- Visitors & Friends
- About the University
'Mafias on the Move'
By Federico Varese | 28 Mar 11
Organised crime is spreading like a global virus as mobs take advantage of open borders to establish local franchises at will. That at least is the fear, inspired by stories of Russian mobsters in New York, Chinese triads in London, and Italian mafias rooted in places as diverse as Germany, Canada and Australia.
As Federico Varese, Professor of Criminology at Oxford University, explains in his book, the truth is more complicated. Professor Varese has spent years researching mafia groups in Italy, Russia, the United States, and China, and argues that Mafiosi often find themselves abroad against their will, rather than through a strategic plan to colonise new territories. Once there, they do not always succeed in establishing themselves. Professor Varese spells out the conditions that lead to their long-term success, namely sudden market expansion that is neither exploited by local rivals nor properly managed by authorities. Ultimately the inability of the state to govern economic transformations gives mafias their opportunity.
In a series of matched comparisons, Professor Varese charts the attempts of the Calabrese Ndrangheta to move to the north of Italy, and shows how the Sicilian mafia expanded to early 20th-century New York, but failed around the same time to find a niche in Argentina. He explains why the Russian mafia failed to penetrate Rome but succeeded in Hungary. In a pioneering chapter on China, he examines the challenges that triads from Taiwan and Hong Kong find in branching out to the mainland. Based on field work and filled with dramatic stories, this book is a sober assessment of the risks posed by globalisation and immigration for the spread of mafias. Books asked Professor Varese about his research.
How were you able to penetrate this world to write this book?
Well, most of the data I use are derived from surveys, official documents and court files. I also travelled to various parts of the world and interviewed people involved in organised crime, as well as those who fight it. I usually do a lot of preliminary reading on a given situation, identify people who might be knowledgeable and try to reach them. When I am lucky and the interview goes well, they in turn introduce me to others.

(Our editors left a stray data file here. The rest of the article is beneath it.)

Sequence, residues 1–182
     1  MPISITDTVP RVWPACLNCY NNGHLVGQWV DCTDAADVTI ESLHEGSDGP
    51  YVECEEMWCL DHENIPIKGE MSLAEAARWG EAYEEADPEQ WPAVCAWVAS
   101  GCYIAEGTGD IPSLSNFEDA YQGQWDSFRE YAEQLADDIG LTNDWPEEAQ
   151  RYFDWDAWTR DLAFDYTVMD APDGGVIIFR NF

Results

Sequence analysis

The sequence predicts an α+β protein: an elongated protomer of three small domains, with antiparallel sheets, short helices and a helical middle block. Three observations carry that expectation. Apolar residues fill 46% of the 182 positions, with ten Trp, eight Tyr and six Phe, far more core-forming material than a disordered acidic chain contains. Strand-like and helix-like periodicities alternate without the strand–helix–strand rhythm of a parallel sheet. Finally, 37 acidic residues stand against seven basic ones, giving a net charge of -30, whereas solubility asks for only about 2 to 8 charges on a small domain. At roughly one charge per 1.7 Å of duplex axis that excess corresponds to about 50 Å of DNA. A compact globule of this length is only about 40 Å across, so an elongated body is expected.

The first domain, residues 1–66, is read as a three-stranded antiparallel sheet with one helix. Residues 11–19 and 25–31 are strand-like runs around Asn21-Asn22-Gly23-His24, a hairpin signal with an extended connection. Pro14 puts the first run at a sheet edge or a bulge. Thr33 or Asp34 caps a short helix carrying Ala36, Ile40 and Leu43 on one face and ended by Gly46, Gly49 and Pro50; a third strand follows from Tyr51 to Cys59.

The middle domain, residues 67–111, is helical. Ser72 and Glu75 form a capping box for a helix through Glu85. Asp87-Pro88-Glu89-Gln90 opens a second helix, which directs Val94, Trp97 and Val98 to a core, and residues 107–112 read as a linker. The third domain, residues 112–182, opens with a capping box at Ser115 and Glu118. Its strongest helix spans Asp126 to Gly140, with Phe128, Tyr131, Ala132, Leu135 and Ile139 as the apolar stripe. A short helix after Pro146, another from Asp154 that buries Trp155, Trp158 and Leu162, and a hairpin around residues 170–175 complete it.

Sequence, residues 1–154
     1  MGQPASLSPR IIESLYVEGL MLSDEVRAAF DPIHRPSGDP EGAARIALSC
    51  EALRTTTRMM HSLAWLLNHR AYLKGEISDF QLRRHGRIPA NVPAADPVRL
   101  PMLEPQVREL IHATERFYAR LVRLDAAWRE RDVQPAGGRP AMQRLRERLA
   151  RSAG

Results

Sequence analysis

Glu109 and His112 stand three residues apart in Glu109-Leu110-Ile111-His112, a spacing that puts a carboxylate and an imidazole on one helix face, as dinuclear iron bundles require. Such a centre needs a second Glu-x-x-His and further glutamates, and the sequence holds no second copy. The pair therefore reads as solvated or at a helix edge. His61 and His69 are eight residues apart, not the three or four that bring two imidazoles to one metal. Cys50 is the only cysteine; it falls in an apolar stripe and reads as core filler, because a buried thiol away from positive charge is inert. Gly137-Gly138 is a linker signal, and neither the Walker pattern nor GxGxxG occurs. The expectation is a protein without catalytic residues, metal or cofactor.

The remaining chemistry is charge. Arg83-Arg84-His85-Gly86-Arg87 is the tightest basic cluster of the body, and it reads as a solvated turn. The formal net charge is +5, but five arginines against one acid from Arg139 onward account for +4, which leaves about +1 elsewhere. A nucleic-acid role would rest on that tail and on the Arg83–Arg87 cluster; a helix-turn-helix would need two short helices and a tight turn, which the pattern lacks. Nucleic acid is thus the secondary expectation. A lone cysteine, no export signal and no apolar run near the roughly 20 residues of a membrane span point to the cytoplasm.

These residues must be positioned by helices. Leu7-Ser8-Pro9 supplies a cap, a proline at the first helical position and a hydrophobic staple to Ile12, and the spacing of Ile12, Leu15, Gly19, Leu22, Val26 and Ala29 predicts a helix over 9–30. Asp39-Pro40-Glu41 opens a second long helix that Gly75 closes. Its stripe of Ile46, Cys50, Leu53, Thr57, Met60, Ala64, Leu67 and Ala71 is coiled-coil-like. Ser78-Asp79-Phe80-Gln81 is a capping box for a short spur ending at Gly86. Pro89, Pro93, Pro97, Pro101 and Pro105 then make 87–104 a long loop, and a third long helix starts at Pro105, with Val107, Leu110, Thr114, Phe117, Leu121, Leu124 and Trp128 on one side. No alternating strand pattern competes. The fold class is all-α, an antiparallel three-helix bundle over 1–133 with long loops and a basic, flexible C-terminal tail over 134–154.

It sounds like a very dangerous topic to study. Is there much research available elsewhere in this area or are you the only one brave enough to tackle it?
I make sure that I do not take unnecessary risks and always make clear that I am neither a cop nor I am interested in exposing particular individuals, but rather to understand (and possibly explain) a phenomenon. In my field, organized crime studies, there are a few people who use this method. What is quite unique about this book is that I also study cases where organised crime failed to take root. Most studies are of positive cases. However, one can understand a phenomenon only by studying also its absence! Here in Oxford, people with theoretical interest similar to mine are grouped around the Extra-Legal Governance Institute, located in the Sociology department.
What defines the ‘mafia’ as distinct from a criminal gang?
For me, a mafia group is one that attempts to govern a territory or a set of markets. So it is not just a group of people involved in criminal activities, even if they have a rudimentary organisational structure. For instance, the Sicilian mafia is the collection of mafia groups that share the same ritual and basic rules and competes with the Italian State in order to control a territory in Western Sicily. Beside the Sicilian mafia, the Yakuza, the Italian American mafia, the Russian ‘mafia’ and the Hong Kong and Taiwanese triads are examples of mafias.